The Politics of Inflation
Martin Wolf has, as ever, a interesting article in today’s FT on the failure of inflation targeting and the need for central bankers to do more about asset price bubbles. Worth a read and I broadly agree with his analysis.
The rationale behind the idea of an independent central bank targeting inflation was that, by virtue of not being politically controlled, an independent CB could take ‘uncomfortable’ decisions to control inflation that would have been harder for a government to take. I.e. a independent CB is more likely to raise interest rates (and raise unemployment) to control inflation. As long as the independent CB was seen as credible than the market would realise that it aimed to control inflation and so take this into account when setting prices and wages, in other words it becomes self reinforcing.
Now this notion is open to challenge. I mean, seriously, the argument boils down to democratically elected politicians can’t be trusted to run the economy. I know many who agree with that statement, I personally do not.
Economists, and increasingly politicians, are now debating the future role of the BOE in terms of controlling asset prices. This is to be welcomed, although personally I don’t think the debate is going far enough. The BOE could be a useful part of any future industrial strategy, lending direct to business that we wish to encourage.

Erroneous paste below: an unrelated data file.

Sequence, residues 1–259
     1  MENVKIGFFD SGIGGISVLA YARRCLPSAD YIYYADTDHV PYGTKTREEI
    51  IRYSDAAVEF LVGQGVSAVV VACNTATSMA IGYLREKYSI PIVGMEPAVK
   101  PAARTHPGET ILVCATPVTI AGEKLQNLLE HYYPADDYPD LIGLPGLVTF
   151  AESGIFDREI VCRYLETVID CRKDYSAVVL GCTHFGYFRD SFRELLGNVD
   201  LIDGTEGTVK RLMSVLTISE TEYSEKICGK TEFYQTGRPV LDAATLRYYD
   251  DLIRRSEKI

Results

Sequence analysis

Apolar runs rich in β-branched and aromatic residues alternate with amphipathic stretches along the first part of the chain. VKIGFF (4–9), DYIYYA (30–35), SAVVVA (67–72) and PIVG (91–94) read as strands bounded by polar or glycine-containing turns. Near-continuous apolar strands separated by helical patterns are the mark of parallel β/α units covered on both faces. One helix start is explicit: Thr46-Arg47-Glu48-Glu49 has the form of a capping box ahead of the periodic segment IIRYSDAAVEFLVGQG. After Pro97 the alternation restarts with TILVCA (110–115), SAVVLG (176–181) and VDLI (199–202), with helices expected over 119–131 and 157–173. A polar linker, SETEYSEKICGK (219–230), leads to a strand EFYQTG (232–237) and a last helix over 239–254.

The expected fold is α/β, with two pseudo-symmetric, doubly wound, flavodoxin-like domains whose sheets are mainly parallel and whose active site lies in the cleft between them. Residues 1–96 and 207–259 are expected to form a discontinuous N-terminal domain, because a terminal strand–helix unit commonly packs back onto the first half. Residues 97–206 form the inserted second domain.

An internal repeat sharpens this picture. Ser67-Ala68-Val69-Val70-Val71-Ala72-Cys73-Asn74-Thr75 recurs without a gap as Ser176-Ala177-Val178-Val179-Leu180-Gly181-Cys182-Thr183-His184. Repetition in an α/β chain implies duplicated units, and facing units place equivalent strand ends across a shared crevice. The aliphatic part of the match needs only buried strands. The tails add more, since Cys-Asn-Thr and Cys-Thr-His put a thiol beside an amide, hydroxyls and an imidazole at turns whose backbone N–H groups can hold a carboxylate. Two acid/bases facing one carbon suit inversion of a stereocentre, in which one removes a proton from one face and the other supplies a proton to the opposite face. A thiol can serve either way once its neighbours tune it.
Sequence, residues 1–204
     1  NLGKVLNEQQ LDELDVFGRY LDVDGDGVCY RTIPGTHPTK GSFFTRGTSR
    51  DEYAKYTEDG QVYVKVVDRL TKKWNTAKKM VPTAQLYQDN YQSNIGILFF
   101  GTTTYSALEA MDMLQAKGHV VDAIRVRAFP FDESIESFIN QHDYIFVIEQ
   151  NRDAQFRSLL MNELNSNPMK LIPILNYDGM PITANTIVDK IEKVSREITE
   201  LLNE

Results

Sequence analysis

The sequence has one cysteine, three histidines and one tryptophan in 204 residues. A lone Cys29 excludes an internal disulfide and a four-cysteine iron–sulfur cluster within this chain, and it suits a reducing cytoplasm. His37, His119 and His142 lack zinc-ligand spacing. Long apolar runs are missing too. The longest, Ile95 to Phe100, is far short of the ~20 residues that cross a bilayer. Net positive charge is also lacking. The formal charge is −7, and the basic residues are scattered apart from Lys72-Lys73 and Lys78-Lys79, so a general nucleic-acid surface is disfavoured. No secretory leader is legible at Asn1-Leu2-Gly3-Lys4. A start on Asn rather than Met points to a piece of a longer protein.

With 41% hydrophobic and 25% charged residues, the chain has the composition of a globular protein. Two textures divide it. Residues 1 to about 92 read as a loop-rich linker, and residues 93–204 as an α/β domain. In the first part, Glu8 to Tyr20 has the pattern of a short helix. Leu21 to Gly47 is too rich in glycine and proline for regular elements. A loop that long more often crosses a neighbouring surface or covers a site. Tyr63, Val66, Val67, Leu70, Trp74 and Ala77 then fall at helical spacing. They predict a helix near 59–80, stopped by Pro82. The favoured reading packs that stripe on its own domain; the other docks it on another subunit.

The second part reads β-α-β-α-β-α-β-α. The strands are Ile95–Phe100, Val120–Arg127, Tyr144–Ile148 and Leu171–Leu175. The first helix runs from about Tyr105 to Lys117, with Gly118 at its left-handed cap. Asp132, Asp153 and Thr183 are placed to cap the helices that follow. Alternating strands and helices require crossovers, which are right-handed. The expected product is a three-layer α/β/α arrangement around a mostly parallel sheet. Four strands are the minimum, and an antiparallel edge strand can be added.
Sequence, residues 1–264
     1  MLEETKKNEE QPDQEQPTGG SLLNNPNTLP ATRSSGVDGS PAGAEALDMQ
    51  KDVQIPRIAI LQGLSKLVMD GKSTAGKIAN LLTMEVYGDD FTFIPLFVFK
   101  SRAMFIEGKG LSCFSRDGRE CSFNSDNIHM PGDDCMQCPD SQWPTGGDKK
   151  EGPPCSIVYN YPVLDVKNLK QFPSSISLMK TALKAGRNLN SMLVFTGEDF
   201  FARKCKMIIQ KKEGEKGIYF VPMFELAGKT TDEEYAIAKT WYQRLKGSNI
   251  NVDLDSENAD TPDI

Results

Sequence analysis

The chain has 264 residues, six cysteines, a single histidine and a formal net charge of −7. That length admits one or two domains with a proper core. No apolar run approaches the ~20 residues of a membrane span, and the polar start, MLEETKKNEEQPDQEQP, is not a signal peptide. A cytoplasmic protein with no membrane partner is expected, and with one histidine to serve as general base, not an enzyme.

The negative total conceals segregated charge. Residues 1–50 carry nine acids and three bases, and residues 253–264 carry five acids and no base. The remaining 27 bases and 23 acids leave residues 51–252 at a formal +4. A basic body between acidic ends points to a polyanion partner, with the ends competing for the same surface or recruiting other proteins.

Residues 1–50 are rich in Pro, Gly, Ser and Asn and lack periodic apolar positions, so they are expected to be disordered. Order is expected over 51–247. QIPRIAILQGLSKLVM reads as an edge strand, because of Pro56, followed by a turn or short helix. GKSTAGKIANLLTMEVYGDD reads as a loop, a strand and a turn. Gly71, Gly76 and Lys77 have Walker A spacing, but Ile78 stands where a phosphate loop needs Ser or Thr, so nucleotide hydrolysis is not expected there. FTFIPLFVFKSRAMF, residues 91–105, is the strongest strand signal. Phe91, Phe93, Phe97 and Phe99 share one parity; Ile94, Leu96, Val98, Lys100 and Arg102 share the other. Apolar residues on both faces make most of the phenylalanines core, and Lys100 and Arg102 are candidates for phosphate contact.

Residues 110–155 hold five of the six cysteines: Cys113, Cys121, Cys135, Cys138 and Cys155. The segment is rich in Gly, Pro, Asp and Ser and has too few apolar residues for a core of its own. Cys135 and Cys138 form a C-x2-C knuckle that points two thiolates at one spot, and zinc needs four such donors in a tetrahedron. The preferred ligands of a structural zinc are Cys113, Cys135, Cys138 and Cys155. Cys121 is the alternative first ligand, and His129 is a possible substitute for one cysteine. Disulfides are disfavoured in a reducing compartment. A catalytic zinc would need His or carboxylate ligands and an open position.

The merits, or otherwise, of having an independent central bank targeting inflation can be debated at length but this can all seem a bit academic and distant.
A more immediately relevant debate is what we mean by ‘inflation’. RPI (which includes mortgage interest payments) is currently negative whilst CPI (which does not) is currently still above the government’s target. So, which is correct? How much are prices currently rising?
The answer is: ‘depends upon how much you earn’. PWC did some good research on this issue last summer, actually looking at inflation rates as broken down by what different income groups actually spend their cash on.
The results, for anyone on the left, make for grim reading. The inflation rate faced by the bottom two deciles of earners (the lowest 20%) has been consistently higher than that faced by the highest two deciles. All things being equal this is, a usually unmeasured and forgotten about, increase in inequality.
Whilst inflation was still rising last Summer, the increase was being driven mainly by rising fuel and food costs. As the lowest decline spend more of their income on these items they faced an inflation rate of 5.7%, against a published CPI figure of 4.7% and top earners only 4.6%.
How should the BOE have responded? Hiking interest rates (which thankfully they did not do, although some MPC members voted to) would have been the standard response. And what would this have achieved? Yes inflation would have fallen but at what cost in jobs? And which people’s jobs?
Any debate which treats inflation as one simple number, relevant to all, is likely to miss these vitally important inequalites. And in any debate on the future of central banking they need to be at the fore.